Sex linkage in fruit flies and huntingdons disease

Authors Avatar by zeynep_merve10hotmailcouk (student)

In fruit flies the eye colour trait is determined by the sex chromosome. There are two sex chromosomes, X and Y; XX indicates the individual is a female and the XY indicates being male. The sex chromosome include other genes that determine other traits. When these genes are positioned on a sex chromosome, they are named as sex-linked genes. The eye colour gene for fruit flies are solely found on the X chromosome because it is much bigger in size when compared to the Y chromosome; therefore, the genetic information found on the X chromosome is much more than the Y chromosome.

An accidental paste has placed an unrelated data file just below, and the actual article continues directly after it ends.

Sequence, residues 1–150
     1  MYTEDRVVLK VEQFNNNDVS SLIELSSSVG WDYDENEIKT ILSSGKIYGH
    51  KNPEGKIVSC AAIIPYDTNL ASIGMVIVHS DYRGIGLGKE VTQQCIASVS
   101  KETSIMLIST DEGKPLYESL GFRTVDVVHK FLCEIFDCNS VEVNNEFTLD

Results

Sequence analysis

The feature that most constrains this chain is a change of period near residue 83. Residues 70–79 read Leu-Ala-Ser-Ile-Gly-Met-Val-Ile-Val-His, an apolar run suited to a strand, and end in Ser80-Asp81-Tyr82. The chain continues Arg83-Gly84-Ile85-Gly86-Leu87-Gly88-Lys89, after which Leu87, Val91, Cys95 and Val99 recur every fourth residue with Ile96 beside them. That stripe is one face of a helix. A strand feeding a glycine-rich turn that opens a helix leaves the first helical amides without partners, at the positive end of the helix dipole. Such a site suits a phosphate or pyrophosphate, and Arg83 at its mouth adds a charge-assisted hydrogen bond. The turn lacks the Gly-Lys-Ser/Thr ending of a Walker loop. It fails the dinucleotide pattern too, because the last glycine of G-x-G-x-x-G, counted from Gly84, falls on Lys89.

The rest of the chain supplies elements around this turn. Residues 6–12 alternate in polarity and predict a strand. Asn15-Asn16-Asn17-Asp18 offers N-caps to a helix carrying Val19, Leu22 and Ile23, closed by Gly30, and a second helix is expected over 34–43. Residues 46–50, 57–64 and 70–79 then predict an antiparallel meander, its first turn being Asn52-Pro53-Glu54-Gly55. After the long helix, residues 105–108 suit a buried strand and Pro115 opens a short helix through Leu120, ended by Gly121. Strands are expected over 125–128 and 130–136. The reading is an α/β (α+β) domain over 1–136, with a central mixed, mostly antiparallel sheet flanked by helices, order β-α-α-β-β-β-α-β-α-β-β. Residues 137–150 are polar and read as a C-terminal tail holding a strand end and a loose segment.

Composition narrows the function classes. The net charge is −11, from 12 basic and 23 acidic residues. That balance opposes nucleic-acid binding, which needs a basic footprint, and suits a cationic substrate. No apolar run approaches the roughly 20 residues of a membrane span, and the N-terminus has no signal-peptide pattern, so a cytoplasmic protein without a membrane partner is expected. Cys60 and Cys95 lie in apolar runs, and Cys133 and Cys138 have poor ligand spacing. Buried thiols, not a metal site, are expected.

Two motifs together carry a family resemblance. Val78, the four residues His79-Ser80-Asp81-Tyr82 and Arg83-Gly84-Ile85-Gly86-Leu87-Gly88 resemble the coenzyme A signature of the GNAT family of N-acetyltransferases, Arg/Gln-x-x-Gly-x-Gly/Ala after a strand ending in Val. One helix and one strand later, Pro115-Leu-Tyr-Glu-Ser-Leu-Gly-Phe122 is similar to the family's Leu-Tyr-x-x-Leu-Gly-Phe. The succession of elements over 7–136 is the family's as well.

As female flies have a double copy of the eye colour gene, one on each of the X chromosome and male flies have one copy of the eye colour gene on the X chromosome, therefore that one copy gene will show up whichever allele he inherits from the mother flies. It is known that red eye colour (R) is dominant to white eye colour (r).

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In the P generation red eyed male flies (XRY-) were crossed with white eyed females (XrXr). The outcome of the F1 generation were half male white eyed (XrY-) and half female red eyed (XRXr). These results were obtained because the mothers’ genes determine the male offspring’s eye colour; as the mother has both recessive, white eye colour alleles, the male offspring’s are 100% white eyed (XrY-). Whereas the female offspring’s are all carriers (XRXr) and the red eye colour allele, which was inherited from the father, shows up in all of the female flies because it is dominant although ...

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